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'Note By Note: The Making of Steinway L1037'

| Friday, March 14, 2008

A documentary about the painstaking, yearlong process of constructing a Steinway piano doesn't sound terribly exciting.

But give this one a chance. "Note By Note" is full of surprising, if subtle, thrills.

The Steinway piano -- made in the same factory in Queens to virtually the same specifications for more than a hundred years -- is virtually without equal in its reputation for handcrafted detail, although Bosendorfer partisans may disagree. They're made in a factory, but with very little machine tooling. As many as 450 craftsmen work on each piano, which contains more than 12,000 parts.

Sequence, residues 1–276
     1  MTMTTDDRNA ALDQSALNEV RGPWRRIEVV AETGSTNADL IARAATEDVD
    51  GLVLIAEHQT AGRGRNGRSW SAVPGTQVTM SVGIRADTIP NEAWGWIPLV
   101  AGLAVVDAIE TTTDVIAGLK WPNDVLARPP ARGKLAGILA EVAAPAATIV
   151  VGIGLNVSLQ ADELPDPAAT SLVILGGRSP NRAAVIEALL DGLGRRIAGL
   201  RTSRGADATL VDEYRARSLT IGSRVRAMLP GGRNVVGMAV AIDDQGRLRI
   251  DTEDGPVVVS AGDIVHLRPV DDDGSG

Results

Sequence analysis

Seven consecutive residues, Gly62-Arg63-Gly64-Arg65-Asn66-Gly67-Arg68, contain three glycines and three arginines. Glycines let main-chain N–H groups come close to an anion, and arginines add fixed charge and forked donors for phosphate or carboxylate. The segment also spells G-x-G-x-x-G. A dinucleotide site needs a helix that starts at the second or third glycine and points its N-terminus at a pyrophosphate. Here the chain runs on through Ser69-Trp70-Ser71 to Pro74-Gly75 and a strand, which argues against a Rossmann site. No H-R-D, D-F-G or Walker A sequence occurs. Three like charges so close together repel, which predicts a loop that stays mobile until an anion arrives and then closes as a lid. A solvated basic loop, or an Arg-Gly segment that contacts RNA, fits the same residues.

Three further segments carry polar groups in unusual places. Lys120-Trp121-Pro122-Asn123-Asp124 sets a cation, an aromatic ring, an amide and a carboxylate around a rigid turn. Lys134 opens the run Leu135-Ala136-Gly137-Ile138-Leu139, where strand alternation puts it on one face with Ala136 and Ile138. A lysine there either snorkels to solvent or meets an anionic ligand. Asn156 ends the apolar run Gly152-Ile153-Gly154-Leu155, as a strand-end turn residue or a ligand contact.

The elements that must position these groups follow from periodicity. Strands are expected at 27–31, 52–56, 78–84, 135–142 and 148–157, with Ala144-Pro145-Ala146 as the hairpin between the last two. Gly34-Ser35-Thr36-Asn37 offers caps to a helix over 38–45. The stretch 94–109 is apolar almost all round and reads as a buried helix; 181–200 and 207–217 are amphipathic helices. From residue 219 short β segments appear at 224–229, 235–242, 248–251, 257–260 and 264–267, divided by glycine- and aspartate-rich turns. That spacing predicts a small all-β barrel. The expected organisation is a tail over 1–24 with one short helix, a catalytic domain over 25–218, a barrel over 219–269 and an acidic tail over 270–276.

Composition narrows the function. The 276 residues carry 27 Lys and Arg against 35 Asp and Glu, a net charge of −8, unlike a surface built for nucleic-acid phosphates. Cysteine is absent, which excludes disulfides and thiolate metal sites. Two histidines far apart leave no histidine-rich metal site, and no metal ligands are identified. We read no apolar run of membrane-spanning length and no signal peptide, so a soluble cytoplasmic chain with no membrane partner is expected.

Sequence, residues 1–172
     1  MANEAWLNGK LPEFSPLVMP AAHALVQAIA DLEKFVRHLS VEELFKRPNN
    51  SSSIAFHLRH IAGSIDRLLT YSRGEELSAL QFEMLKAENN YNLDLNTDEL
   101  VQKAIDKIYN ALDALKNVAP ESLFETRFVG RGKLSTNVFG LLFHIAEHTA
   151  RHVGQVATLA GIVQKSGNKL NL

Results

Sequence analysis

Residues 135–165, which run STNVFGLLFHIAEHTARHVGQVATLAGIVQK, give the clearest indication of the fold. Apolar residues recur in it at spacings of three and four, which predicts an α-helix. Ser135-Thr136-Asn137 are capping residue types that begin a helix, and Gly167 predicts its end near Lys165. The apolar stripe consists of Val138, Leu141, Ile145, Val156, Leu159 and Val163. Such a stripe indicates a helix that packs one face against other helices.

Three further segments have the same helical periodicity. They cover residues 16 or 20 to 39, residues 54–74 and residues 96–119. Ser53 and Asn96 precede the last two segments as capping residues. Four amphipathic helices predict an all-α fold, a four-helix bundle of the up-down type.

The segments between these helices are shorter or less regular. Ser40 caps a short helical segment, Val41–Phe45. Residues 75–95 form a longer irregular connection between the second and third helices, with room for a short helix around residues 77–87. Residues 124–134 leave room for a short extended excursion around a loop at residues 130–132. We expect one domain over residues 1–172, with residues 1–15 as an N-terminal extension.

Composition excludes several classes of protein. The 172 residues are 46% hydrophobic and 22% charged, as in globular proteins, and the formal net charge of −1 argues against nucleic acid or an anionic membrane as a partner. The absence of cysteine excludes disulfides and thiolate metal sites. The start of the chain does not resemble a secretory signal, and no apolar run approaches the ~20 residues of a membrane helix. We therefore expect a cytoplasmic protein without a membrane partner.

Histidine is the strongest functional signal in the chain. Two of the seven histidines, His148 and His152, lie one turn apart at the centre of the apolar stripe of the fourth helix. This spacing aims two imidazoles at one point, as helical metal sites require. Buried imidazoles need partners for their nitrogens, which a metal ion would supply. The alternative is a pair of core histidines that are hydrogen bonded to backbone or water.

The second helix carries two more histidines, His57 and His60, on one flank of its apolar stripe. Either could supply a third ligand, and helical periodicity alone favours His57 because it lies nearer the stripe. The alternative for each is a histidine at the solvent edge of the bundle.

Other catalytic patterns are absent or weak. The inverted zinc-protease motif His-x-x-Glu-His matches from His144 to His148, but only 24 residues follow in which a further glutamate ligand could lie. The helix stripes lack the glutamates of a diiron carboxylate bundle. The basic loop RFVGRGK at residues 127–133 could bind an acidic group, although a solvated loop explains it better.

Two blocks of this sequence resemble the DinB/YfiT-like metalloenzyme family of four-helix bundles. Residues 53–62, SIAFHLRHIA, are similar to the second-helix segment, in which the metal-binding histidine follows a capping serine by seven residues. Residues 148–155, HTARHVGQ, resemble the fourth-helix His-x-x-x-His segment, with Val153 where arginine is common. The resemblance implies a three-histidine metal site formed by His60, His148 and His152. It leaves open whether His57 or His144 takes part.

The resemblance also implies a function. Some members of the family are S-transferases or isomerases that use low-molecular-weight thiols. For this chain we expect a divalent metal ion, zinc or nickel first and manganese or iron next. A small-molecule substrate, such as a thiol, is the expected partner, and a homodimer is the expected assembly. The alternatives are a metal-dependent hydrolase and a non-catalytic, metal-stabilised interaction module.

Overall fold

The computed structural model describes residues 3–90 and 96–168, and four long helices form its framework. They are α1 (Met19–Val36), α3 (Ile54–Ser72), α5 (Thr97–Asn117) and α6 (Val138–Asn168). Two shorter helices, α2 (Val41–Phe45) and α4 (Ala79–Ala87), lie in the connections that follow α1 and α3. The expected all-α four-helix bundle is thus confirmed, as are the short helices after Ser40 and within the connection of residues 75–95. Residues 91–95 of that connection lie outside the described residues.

Ben Niles' documentary takes us on the journey of one piano -- from the lumberyard in Sitka, Alaska, all the way to the stage at New York's Carnegie Hall. We meet all kinds of characters along the way, from the charmingly extroverted classical pianist Lang Lang, reminiscing about his introduction to the piano, through the music of "Tom & Jerry" cartoons, to a gruff woodworker in a Jack Lambert jersey, beaming with pride at the instrument he helped make but could never afford.

Each Steinway is a little different. Picking one out is more a job of matching compatible personalities than purchasing a product. Jazz musicans Harry Connick Jr., Bill Charlap, Hank Jones, Kenny Barron and Marcus Roberts, and classical players such as Pierre-Laurent Aimard and Helene Grimaud discuss and demonstrate their preferences -- and, of course, add lots of beautiful music.

• At Harris Theater, Downtown Additional Information:

'Note By Note: The Making of Steinway L1037'

Not rated, but G in nature Three stars

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